Many of the abilities you acquire in the military can be useful in starting a veteran owned business. The diverse set of hard and soft talents you developed while serving can be successfully transferred to the private sector. Many veterans have become business owners through this.
According to the Small Business Administration (SBA), 2.5 million enterprises are owned and operated by veterans. Veteran owned businesses account for nearly one-tenth of all businesses in the United States. They encompass various industries, from professional and technical services to consulting, construction, and consumer goods.
This article will walk you through the stages of launching a profitable new business. We’ll go through each step and explain what you need. We’ll introduce you to various useful tools that can assist you to start a veteran owned business.
3 Steps to Starting Your Veteran-Owned Business
Deciding to start veteran owned business is a big, exciting, and potentially terrifying step. If you’ve never done something like this, there are a few hurdles to overcome. Knowing that you want to establish a new business is only the first step.
Let’s go through this article on the steps to establishing a new business, followed by looking at the various small business resources for veterans to assist you in getting started.
Step 1: Come Up With a Brilliant Business Concept
You may enter into a business knowing exactly what kind of business you want to create. You’ve had that brilliant business idea for a while now, and you can’t seem to get enough of it.
On the other hand, many people, although born with an entrepreneurial spirit, don’t always have the right business idea. If you find yourself in this circumstance, here are four questions to ask yourself if you’re looking for a business idea that works for you:
- What abilities do I possess?
Military veterans have unique set of abilities that might be put to good use and turned into a great business idea. Alternatively, you may have had abilities even before entering the military that you can use to inspire your business idea. It will be easier for you to play to your abilities rather than reinvent the wheel.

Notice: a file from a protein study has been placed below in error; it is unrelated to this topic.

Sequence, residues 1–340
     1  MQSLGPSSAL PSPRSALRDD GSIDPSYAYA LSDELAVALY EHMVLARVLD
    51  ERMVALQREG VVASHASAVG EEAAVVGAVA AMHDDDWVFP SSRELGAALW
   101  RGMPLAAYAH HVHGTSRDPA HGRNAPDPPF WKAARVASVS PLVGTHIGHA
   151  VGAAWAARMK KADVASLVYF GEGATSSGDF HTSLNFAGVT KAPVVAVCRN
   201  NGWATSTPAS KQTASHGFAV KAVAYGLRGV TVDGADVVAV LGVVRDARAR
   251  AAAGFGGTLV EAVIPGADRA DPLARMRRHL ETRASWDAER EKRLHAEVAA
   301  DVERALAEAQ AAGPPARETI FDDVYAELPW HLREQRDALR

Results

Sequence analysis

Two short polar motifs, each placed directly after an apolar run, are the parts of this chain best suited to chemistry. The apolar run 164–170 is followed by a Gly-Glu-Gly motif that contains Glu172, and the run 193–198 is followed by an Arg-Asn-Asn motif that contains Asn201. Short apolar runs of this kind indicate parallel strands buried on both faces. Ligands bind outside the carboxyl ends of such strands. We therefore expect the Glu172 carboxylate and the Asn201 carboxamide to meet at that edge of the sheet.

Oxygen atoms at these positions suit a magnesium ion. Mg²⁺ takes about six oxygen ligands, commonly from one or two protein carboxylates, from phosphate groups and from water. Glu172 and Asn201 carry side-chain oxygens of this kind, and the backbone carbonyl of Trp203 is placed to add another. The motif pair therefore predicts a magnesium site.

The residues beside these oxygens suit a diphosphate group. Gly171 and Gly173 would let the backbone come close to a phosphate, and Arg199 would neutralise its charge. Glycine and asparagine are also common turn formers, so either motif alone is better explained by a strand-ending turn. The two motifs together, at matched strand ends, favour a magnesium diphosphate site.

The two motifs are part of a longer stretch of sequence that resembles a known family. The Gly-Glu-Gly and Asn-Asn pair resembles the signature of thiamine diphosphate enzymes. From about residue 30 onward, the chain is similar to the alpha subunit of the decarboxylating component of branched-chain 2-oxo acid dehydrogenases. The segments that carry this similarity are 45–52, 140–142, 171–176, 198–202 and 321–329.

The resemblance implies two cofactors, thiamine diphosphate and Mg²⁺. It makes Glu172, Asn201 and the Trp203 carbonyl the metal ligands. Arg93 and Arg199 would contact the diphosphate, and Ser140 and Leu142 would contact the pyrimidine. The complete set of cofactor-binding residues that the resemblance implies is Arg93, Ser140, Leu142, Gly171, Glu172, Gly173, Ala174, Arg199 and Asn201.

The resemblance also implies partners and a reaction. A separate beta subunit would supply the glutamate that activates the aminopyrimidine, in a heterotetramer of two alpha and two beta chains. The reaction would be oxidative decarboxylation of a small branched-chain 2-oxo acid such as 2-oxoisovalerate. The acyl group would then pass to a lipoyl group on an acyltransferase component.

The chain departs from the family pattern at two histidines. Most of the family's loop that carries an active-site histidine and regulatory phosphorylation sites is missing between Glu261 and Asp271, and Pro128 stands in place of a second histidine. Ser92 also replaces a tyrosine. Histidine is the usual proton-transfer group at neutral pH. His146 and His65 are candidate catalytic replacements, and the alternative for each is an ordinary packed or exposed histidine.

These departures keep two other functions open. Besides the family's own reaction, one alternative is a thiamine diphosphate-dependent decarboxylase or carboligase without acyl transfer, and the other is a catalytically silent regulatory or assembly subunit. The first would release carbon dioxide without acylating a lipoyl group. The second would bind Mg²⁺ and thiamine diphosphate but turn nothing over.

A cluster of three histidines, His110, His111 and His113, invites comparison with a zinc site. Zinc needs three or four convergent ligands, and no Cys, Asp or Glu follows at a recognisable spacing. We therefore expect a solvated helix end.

- What Am I Passionate About?
Many small businesses were founded on concepts that made sense, even if unrelated to the business owner’s passions, goals, or interests. So, as you create your business idea, that whole “love what you do” notion doesn’t have to hold.
While brainstorming your business idea, it’s important to keep your interests in mind. You may discover that you have a fantastic business concept in a field that you previously thought was merely a hobby.
- What Resources Do I Have At My Disposal?
You may already have the contacts, tools, resources, or equipment you need to start a veteran owned business without you realizing it. Starting a repair business might be a wonderful option if you have a great tool shed and have always been handy.
If you’ve inherited a storefront or retail space, you’ve already gotten your foot in the door when opening a physical location. Starting a new business will almost always demand a large initial investment. Therefore, starting something where you already have a few of the items is a good idea.
- What Kind of Need Could I Meet?
Is there a vast, gaping need in your local (or wider) community that a substantial business could supply? Then you might be the one to complete that puzzle piece.
Many of the business world most successful small and large enterprises began as a solution to a problem. So please put on your thinking cap, put yourself in your potential consumers’ shoes, and try to address the challenges they experience daily.
Step 2: Writing Your Business Plan
Now that you’ve decided on a company idea to explore, it’s time to put it down on paper. Effective business plan is an essential part of starting a company. Your business plan will outline where your company is currently and how you intend to move from point A to point B over the next two to five years.
Your business plan will help you persuade investors, lenders, and potential partners to engage with and invest in your company by demonstrating why they should.
Overall, your business plan is an important piece of paper to craft carefully. As a result, here’s what you’ll need to include in your business plan.
- Executive summary
Your executive summary is a high-level overview of your company, providing readers a taste of what they’ll find if they read the rest of your plan. This part should be only one or two pages long; conciseness and clarity are essential.
Although your executive summary is brief, it is likely one of the most crucial sections of your document. If an investor or lender doesn’t get what they need from the executive summary, they might dismiss your business plan entirely.
Your executive summary should provide a general overview of your company’s operations and goals for the next three to five years.
- Company Overview
A company overview is a look at your firm’s intellectual property structure and how it works. Explaining the business and your value proposition is an excellent method to arrange your company’s overview.